On Thursday, writing for The Washington Post's "The Fix," columnist Aaron Blake outlined how former National Security Adviser Michael Flynn's call for a military coup is just one of the ways in which former President Donald Trump has ignored "giant red alarms" and elevated anti-democracy extremists within the Republican Party.
"One of the undersold aspects of the Trump presidency isn't so much what he did while in office, but how much he elevated fringe figures like Flynn who would never have set foot inside virtually any other president's orbit," reported Blake. "With Trump now out of office, those figures' continued drift toward the fringe and the credibility Trump lent to them is surely one of the lasting impacts of his presidency."
"A prominent example is another speaker at the QAnon-themed conference at which Flynn spoke this weekend," noted Blake. "Sidney Powell was first and foremost in spewing baseless conspiracy theories about voter fraud and voting machines after the 2020 election. She even — like Flynn — parlayed this into briefly working for Trump in an official capacity before being cast aside when she apparently went too far even for Trump's team. Powell's tenure was even shorter than Flynn's, having been announced as a member of Trump's legal team only about a week before her departure."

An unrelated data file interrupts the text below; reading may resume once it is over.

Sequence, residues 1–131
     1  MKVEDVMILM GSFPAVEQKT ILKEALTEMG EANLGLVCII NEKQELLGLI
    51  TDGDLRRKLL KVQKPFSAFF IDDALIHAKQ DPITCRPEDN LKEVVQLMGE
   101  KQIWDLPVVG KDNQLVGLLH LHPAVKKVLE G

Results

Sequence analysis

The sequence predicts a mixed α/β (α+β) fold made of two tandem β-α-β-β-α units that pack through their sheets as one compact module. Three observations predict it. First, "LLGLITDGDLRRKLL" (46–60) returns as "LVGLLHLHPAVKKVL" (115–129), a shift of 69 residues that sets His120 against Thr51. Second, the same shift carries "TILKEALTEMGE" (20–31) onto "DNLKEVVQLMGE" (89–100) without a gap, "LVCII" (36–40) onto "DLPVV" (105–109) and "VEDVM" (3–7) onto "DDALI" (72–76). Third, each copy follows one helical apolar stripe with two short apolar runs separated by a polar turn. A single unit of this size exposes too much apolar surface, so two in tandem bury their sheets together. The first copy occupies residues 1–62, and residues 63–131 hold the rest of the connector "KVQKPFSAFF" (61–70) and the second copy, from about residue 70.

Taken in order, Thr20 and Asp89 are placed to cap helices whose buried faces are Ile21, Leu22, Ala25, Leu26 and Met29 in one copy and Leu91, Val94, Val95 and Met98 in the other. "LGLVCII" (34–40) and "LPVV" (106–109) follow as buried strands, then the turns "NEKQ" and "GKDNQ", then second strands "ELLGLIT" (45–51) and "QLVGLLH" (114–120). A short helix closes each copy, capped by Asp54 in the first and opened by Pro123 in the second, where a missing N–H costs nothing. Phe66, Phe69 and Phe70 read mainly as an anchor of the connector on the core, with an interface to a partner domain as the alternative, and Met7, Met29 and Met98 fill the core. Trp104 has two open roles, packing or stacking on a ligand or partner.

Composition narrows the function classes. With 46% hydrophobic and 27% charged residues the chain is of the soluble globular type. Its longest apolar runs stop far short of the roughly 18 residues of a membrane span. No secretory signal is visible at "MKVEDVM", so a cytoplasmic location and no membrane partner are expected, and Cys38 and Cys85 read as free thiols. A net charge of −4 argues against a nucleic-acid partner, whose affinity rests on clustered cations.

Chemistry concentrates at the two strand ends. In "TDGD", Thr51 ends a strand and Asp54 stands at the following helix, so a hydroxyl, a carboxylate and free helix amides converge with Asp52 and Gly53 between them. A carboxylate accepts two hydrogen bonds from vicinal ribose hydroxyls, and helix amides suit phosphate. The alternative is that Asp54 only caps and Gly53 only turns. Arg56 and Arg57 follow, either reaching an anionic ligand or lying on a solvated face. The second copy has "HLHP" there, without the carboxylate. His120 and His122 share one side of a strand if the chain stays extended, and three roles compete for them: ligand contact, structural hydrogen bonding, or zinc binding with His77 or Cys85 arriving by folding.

Another way Trump has elevated extremists, wrote Blake, is how he pardoned the ranchers at the heart of Ammon Bundy's violent standoff in an Oregon wildlife refuge — which has been followed by Bundy only being emboldened in his anti-government mission.
"Bundy, today, is ramping up for a run for the GOP nomination for governor of Idaho," wrote Blake. "It's a campaign for which he's struggling to qualify for the ballot and which he'd surely struggle to win. But as the Daily Beast reported Thursday, it's easy to undersell the implications of such a campaign in today's environment, given the reach of ideologies like Bundy's in the West and his storming of the Idaho Capitol last summer, which turned out to be something of a precursor to Jan. 6. And Trump, again, fed into such things more than other presidents would have."
"Again, these have been and will apparently remain fringe figures in the Republican Party. But we've also seen what a motivated fringe can do, particularly on Jan. 6," concluded Blake. "And if the most recent exploits from the likes of Flynn, Powell, Bundy et. al. tell us anything, it's that they'll probably keep pushing the bounds."
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